When it comes to your finances, what you don’t know will definitely hurt you. The failure to understand even the most basic tenets of savings, debt, budgeting, and prioritization is currently leading millions of Americans to the brink of bankruptcy, at the same time that nearly 25 percent of people at or near retirement age are likely to become impoverished at some point in their remaining lives.
Photo via hans.gerwitz
For many Americans, their delusion, masked as optimism, has allowed them to “live in the moment” at the expense of their future. In fact, according to a new financial literacy survey, a disturbing number of people simply lack the knowledge to effectively manage their personal finances.
For a brief moment it seemed as though the calamitous financial crisis and economic downturn had snapped some common sense into a populace that had been over-charging their credit cards, over-spending, under-saving, and, generally, over-indulging. However, the findings from The 2012 Consumer Financial Literacy Survey released recently reveal a return to a familiar and destructive pattern. Among the more stunning findings:
Even at the most fundamental level of personal finances, people are ignoring, or ignorant of, the need to do basic budgeting, with more than half admitting they do not have a budget, and more than 1 in 5 who say they don’t have a good idea of how much they spend on housing, food, and entertainment. So, the fact that one-third of Americans don’t pay all of their bills on time is not very surprising, nor is the fact that four in ten adults don’t have any savings.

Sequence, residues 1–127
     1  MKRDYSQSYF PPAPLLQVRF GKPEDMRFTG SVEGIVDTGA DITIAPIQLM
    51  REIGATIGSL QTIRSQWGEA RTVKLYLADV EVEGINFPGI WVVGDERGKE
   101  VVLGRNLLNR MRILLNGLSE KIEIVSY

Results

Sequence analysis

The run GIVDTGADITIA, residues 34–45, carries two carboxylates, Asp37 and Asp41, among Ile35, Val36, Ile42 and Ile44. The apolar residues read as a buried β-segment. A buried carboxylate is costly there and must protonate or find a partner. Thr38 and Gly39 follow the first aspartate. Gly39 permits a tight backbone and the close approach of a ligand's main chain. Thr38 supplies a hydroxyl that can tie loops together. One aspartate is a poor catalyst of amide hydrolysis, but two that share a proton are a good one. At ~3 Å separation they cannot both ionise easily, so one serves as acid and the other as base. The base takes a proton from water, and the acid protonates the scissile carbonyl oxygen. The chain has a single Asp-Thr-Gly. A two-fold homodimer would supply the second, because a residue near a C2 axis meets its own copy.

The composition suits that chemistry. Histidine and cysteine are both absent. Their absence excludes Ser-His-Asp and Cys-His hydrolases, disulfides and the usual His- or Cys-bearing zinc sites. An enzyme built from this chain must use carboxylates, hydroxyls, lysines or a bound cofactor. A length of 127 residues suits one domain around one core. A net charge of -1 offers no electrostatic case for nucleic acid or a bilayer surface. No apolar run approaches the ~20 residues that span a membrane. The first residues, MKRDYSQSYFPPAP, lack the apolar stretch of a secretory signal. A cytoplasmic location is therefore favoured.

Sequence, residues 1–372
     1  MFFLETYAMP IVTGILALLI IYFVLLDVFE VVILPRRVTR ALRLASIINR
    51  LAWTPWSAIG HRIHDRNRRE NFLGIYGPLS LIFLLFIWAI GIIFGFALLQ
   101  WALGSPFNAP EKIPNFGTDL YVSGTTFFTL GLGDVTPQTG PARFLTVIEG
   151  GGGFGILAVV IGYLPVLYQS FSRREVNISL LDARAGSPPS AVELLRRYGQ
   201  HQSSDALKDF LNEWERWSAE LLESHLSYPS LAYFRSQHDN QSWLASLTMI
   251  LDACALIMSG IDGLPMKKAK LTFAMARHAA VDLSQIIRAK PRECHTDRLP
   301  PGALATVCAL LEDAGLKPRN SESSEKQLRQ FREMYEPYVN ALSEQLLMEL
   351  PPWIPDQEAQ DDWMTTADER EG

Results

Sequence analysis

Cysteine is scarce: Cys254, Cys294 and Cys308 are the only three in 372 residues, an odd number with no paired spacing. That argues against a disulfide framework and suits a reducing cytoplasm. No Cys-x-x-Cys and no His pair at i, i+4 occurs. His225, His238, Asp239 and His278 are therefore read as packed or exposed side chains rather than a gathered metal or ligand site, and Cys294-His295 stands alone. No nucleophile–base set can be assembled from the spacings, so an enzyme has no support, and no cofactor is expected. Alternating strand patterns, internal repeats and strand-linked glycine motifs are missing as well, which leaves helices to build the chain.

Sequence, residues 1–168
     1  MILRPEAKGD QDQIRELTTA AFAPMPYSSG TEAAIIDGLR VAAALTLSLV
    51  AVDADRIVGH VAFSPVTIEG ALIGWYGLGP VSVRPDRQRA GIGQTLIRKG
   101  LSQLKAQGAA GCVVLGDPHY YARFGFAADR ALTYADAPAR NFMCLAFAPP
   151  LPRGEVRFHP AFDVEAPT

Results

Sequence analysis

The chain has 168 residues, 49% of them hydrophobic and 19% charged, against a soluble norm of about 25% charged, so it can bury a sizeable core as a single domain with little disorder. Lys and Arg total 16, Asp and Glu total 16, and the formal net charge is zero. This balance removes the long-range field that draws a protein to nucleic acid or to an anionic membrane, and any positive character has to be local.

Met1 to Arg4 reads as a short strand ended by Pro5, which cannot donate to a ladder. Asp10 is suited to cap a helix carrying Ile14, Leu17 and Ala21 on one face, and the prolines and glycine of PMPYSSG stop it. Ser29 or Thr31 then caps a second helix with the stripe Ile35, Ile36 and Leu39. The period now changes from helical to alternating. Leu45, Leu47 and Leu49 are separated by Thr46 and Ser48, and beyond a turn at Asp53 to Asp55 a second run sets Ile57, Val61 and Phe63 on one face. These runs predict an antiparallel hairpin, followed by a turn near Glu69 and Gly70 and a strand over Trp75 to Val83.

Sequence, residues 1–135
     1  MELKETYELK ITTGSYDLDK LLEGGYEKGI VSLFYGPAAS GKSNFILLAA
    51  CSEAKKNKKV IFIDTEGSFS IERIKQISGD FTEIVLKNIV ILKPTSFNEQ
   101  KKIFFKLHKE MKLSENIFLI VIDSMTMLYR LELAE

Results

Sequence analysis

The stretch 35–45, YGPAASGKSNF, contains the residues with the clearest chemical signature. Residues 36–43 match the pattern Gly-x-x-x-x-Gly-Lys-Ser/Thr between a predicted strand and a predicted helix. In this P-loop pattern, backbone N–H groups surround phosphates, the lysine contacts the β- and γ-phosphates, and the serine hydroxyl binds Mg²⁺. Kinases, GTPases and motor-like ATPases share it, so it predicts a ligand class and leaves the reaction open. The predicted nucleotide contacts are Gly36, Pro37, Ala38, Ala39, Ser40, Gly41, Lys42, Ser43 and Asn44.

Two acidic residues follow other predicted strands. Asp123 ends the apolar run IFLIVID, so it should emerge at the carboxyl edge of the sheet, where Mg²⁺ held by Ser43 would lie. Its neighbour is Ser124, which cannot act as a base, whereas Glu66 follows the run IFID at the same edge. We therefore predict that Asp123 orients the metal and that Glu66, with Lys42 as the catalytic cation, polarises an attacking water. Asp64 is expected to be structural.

As to those who say they do have savings, according to another survey conducted by EBRI, half report that they have less than $25,000 and 25 percent say they have saved less than $1,000. The numbers improve only slightly for workers closer to retirement. In a 2010 Wells Fargo survey, workers in their 50s earning below $100,000 had median retirement savings of just $25,000, and those in their 60’s had accumulated $30,000.
Out of all workers, only 11% claim to have saved more than $250,000 for retirement. It’s not surprising then that 85% say they have little or no confidence that they will be able to meet their retirement needs.
Of greater concern is the seemingly cavalier attitude displayed by an increasing number of people when it comes to critical financial decisions such as their mortgages. The survey found that 55% are fine with walking away from their mortgage when they can no longer make the monthly payment. That’s a 10% increase since 2010. Interestingly, the same exact numbers of people have no idea what their credit score is.
It seems remarkable that in an age of instant information ubiquitously available across the World Wide Web, Americans, 85% of whom are online, can’t seem to glean even the most basic knowledge necessary to guide them in their most essential financial decisions.
Nearly 50% of adults in this country grade themselves at a C or below on their knowledge of personal finance, but just as importantly, how would they grade themselves for effort?
What grade would you give yourself in personal finance?